The former boss of Sibir Energy was fined £350,000 yesterday for failing to disclose substantial cash payments to its biggest shareholder.
The penalty – one of the largest so far levied on an individual – brings the curtain down on one of the biggest scandals to hit the London Stock Exchange's Alternative Investment Market (AIM).
The Financial Services Authority sharply criticised Henry Cameron's conduct, saying that in two separate market announcements made by Sibir – then AIM's largest company – in December 2008 and February 2009, incorrect figures were given for the payments Sibir had made to Chalva Tchigirinski, a Russian tycoon.
The announcements claimed that Sibir had paid a total of $115.4m (£76m) when in fact the true amount was more than $300m. They also stated that the payments were advances for real estate that Sibir was to purchase from Mr Tchigirinski. In fact, the FSA said they were not supported by a written agreement and amounted to unsecured loans. This, the FSA said, created a false market in Sibir shares.
The watchdog found that the primary motive behind Mr Cameron's conduct was to retain Mr Tchigirinski's supportive shareholding in Sibir and to prevent him from having to sell up as a result of financial difficulties.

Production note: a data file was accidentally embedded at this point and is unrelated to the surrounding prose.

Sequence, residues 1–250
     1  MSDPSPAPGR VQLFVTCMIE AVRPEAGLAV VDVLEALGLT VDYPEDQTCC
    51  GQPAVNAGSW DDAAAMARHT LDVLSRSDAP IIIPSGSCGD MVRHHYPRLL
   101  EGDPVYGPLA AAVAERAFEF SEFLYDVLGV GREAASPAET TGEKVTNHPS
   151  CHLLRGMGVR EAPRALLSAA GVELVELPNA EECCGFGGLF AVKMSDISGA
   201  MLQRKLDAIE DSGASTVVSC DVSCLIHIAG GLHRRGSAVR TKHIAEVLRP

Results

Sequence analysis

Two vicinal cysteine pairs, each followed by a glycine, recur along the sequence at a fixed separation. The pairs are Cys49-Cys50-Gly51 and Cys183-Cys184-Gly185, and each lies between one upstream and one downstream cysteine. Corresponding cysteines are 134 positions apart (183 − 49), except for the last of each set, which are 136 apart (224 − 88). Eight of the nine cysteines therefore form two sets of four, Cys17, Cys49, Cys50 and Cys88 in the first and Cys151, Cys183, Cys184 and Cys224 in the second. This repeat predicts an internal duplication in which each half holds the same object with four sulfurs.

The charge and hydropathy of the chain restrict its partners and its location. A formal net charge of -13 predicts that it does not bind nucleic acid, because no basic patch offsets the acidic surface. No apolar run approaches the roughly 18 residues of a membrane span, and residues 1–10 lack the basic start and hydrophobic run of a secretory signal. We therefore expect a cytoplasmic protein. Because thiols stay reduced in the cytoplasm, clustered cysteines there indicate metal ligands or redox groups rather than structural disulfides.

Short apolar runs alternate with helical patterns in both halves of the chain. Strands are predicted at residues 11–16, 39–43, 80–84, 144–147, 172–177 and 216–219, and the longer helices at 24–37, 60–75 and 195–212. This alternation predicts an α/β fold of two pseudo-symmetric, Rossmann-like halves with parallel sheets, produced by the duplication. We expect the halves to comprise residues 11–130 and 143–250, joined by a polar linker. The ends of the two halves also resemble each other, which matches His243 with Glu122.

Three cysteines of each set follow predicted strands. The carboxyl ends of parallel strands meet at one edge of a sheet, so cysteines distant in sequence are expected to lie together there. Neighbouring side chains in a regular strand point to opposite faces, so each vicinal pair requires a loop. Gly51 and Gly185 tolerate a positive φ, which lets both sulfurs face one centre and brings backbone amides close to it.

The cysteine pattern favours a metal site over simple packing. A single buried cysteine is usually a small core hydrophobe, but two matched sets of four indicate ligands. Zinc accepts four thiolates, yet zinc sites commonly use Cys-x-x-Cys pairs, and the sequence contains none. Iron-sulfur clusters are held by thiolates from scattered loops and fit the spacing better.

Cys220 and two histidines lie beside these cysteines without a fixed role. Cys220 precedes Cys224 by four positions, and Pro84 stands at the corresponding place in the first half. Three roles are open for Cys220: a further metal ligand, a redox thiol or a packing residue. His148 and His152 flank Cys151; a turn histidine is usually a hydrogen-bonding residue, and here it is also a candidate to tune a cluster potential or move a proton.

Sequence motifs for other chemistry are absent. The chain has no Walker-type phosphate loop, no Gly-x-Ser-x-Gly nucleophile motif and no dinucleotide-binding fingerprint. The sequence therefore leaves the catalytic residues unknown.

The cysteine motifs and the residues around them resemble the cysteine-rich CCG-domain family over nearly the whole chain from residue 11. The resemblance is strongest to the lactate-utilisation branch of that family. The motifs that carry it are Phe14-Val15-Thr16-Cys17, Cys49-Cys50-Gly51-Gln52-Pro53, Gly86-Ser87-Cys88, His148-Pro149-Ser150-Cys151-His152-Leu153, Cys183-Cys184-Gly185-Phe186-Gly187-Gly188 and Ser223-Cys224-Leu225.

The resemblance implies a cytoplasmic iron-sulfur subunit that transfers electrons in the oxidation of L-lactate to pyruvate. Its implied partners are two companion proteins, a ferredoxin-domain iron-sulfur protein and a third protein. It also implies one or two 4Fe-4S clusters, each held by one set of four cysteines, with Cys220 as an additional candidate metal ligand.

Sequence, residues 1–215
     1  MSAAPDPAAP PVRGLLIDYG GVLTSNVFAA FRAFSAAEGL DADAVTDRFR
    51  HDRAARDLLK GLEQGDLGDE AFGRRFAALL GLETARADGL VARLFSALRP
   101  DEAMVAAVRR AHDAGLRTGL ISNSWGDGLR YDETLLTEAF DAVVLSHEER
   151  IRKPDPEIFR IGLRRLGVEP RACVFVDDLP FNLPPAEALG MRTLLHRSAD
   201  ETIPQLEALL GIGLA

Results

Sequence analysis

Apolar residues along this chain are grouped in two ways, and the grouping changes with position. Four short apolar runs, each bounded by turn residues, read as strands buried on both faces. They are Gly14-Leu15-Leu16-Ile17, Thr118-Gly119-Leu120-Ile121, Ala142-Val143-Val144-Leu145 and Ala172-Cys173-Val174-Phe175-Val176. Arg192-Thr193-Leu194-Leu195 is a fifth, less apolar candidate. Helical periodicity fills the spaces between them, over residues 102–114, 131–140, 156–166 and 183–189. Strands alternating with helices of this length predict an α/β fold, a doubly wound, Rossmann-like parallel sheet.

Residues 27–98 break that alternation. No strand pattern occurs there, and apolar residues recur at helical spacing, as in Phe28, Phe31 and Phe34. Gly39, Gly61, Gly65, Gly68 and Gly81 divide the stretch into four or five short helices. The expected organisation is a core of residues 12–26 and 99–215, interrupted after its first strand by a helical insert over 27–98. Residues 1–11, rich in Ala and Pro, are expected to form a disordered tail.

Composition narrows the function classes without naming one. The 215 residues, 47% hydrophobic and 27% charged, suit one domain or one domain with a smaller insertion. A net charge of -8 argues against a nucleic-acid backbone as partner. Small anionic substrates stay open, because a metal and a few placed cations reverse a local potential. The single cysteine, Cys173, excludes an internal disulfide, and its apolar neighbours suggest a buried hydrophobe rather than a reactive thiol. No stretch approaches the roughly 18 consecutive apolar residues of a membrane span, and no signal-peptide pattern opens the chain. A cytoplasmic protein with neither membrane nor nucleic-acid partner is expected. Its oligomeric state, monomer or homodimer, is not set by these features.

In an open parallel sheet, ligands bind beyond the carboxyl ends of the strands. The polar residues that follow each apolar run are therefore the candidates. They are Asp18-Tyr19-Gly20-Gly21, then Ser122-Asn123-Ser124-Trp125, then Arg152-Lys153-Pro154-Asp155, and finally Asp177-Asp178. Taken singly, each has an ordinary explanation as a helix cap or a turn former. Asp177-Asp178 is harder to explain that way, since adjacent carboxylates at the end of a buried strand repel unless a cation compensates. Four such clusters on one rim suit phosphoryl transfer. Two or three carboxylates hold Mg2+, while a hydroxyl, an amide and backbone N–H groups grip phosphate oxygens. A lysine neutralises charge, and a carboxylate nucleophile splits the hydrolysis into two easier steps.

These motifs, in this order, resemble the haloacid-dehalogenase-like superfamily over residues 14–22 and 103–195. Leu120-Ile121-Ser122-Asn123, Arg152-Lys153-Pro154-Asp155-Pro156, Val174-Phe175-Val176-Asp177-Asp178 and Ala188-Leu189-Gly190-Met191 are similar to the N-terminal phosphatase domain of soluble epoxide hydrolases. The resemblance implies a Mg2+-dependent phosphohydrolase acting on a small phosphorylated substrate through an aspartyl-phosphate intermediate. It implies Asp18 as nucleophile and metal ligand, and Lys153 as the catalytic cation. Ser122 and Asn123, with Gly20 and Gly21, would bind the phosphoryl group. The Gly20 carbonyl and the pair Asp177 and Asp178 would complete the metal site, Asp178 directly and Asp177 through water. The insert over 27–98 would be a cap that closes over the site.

When the true position became clear, Sibir's shares were suspended and ultimately its listing was cancelled, although shareholders did not lose after it was taken over by the Russian energy group Gazprom Neft.
The FSA, in its final decision notice, said personal gain was not Mr Cameron's motivation and he was in fact attempting to preserve Mr Tchigirinski's supportive shareholding in Sibir to avoid the consequences of a forced sale of Mr Tchigirinski's stake.
But in a strongly worded statement, the FSA's director of enforcement, Margaret Cole, said: "As the most senior executive director at Sibir, Cameron should have known these announcements were misleading and the serious impact they were likely to have on the market. Our fine reflects the gravity of his irresponsible actions and shows that we are serious about taking action against directors of publicly traded companies who commit market abuse."
Significantly, the company and Mr Cameron's colleagues escaped any censure, with the watchdog laying the blame firmly at his door. Had he not settled early, the fine would have been £500,00.
In a statement, Mr Cameron said: "The agreement that I have reached with the FSA and my acceptance, without an admission on my part of liability, of the penalty that [it has] imposed has been reached solely because of the very heavy burden of defending myself. If I had continued the total legal costs would have been many times in excess of the agreement I have reached."
Sibir Energy's most recently published annual report showed that Mr Cameron was paid £2.451m in 2007 and £3m in 2006. Mr Tchigirinski was not accused of any wrongdoing.